The Hunley Project remains committed to sharing the most accurate information about the submarine that is available and welcomes discussion and ideas from the public and other academic institutions about the Hunley and her history. Still, Correia cautions, “As tempting as it may be, we are careful not to jump to definitive conclusions until all the research has been evaluated.”

The Hunley Project
On the evening of February 17, 1864, the H. L. Hunley became the world’s first successful combat submarine by sinking the USS Housatonic. After signaling to shore that the mission had been accomplished, the submarine and her crew of eight mysteriously vanished. Lost at sea for over a century, the Hunley was located in 1995 by Clive Cussler’s National Underwater and Marine Agency (NUMA). The innovative hand-cranked vessel was raised in 2000 and delivered to the Warren Lasch Conservation Center, where an international team of scientists are at work to conserve the submarine for future generations and piece together clues to solve the mystery of her disappearance. The Hunley Project is conducted through a partnership with the Clemson University Restoration Institute, South Carolina Hunley Commission, US Navy Naval History and Heritage Command, and Friends of the Hunley.

Stolen bust of Civil War general found under I-95 in Philadelphia

General James Beaver

General James Beaver

Stolen bust of Civil War general found under I-95
Updated: AUGUST 25, 2017 — 7:13 PM EDT
by Martha Woodall, Staff Writer  @marwooda |
Link to article in

Philadelphia police on Friday were investigating the theft of a bust of a Civil War general that was later found under an I-95 bridge in South Philadelphia near FDR Park.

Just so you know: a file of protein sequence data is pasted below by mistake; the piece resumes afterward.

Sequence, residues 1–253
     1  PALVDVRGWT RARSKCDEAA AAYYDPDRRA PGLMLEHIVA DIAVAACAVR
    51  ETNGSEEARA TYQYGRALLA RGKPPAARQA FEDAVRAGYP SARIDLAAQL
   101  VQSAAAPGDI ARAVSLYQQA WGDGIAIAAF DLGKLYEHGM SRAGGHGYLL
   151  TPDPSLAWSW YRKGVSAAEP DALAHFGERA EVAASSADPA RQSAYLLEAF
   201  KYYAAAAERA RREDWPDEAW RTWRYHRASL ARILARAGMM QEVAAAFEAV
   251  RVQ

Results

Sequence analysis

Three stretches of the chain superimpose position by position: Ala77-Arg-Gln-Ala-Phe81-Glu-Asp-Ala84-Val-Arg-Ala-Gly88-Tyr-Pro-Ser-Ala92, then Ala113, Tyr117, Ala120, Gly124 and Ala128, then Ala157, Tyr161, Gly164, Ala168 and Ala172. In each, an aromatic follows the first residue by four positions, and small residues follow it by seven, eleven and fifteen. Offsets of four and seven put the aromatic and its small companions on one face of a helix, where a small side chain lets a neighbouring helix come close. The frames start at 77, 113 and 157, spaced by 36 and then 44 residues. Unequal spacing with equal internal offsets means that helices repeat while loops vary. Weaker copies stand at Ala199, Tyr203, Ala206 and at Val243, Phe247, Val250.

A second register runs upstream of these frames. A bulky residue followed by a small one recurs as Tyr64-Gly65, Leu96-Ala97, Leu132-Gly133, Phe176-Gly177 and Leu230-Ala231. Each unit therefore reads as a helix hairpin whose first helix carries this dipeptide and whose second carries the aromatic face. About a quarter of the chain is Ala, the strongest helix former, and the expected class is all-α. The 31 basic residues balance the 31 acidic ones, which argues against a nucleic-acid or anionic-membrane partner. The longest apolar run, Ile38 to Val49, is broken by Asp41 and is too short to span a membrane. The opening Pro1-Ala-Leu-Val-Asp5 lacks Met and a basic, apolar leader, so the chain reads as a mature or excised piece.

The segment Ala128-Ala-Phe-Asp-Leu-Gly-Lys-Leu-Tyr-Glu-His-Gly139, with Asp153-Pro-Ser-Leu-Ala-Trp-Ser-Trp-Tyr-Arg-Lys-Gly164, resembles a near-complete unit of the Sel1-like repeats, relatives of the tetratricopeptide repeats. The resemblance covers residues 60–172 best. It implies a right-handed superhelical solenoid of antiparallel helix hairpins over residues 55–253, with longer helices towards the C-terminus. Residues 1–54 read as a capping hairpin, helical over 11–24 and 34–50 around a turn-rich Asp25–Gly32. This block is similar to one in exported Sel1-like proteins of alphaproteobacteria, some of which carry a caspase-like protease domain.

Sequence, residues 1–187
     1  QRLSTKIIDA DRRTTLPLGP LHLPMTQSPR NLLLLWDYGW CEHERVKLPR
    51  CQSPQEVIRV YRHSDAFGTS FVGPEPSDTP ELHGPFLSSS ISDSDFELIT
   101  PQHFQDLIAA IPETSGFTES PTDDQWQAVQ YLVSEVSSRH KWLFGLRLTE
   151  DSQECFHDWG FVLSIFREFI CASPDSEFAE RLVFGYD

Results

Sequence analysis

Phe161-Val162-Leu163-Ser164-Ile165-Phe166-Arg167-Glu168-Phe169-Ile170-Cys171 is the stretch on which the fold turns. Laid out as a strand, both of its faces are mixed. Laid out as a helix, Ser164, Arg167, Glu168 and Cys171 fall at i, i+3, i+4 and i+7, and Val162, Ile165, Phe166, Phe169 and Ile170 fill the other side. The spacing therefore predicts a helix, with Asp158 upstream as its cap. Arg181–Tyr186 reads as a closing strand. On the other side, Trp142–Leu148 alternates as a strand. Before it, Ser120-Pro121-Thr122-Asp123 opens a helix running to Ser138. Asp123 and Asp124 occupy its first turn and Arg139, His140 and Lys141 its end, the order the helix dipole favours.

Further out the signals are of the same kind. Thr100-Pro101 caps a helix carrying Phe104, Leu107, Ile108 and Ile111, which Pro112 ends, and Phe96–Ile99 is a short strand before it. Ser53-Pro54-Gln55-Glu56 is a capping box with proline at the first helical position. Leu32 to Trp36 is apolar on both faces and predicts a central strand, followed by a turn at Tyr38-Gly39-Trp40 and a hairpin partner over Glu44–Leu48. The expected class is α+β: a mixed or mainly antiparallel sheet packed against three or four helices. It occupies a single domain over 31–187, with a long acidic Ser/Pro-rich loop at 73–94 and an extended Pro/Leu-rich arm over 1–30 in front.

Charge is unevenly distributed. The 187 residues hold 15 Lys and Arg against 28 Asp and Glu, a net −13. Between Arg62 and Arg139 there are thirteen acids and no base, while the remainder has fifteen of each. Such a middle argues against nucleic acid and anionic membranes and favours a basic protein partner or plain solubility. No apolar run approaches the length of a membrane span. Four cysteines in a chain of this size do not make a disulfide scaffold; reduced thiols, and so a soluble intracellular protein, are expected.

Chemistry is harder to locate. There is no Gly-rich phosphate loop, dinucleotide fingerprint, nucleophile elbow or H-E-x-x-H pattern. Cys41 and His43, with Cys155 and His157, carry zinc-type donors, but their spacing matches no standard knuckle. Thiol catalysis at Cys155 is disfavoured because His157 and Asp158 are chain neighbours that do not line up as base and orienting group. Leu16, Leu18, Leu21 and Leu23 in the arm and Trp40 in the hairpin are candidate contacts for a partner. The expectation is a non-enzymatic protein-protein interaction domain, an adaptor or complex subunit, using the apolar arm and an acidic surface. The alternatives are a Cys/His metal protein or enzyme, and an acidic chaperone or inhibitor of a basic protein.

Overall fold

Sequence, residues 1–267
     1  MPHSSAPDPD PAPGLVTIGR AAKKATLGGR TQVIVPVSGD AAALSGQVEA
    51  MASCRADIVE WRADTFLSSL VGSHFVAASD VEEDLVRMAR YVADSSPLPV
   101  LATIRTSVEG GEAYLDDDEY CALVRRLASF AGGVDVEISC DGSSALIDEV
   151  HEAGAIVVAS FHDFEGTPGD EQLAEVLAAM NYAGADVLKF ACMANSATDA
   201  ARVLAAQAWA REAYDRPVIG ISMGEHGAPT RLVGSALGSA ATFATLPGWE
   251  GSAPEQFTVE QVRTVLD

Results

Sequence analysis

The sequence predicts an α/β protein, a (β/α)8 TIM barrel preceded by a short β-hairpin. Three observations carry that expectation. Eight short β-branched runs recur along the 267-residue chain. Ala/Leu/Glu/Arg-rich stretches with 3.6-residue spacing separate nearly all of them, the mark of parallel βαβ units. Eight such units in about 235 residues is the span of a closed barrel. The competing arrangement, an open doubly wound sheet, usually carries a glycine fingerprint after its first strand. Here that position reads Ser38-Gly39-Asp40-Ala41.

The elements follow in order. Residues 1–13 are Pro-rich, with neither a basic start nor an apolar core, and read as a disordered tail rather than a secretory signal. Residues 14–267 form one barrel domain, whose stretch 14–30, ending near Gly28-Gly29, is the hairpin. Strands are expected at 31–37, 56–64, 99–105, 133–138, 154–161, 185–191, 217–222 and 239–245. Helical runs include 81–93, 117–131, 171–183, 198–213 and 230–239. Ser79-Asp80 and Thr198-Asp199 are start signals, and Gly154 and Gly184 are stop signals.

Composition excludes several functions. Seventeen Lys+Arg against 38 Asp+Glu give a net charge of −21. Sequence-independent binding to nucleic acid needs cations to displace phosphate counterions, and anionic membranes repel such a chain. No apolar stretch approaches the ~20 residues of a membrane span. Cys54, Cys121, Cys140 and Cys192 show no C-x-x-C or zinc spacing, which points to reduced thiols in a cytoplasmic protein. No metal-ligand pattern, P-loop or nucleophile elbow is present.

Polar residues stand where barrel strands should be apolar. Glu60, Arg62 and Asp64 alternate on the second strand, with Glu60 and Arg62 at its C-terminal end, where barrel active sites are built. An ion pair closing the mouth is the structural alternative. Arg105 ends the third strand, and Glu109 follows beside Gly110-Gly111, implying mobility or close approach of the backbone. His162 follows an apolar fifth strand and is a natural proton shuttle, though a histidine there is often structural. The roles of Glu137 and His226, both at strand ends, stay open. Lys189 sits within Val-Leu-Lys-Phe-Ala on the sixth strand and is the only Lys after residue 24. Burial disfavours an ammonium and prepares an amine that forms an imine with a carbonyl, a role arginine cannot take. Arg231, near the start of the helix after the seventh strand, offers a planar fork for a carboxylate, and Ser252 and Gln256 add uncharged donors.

Fairmount Park officials said they believe the bust of Gen. James A. Beaver was stolen from the Smith Memorial Arch in West Fairmount Park late Thursday night.

The bronze bust was found by a police officer early Friday, said Alain Joinville,  a spokesman for Parks and Recreation.

“Vandalism and theft are illegal, and people who commit these crimes will be treated accordingly,” Joinville said, adding that the staff has “retrieved the statue, and we’ll assess whether any conservation is needed.”

Beaver was a general in the Union Army. Officials do not know whether the removal of his bust was connected to the current controversy over whether the statues of Confederate officers and depictions of others with racist views should be removed.

A native of  Perry County, Beaver commanded the 148th Pennsylvania Volunteers and later became the state’s 20th governor.

During his term from 1887-91, Beaver was credited with obtaining state funds to improve Penn State’s football field. Beaver Stadium is named in his honor, and a tablet bearing his likeness is in the southeast corner of the stadium.

The Smith Memorial Arch was created to honor Pennsylvania’s Civil War heroes. Located near the near the Please Touch Museum, the memorial has two tall columns supported by curving arches, and adorned with portrait sculptures  including two equestrians statues, three figures and 8 busts. Beaver’s bus was installed in 1912.

Joinville said the memorial  is owned by the Smith Memorial Trust. The estate of Richard and Sarah Smith established the creation of Smith Memorial Playground & Playhouse, in East Fairmount Park.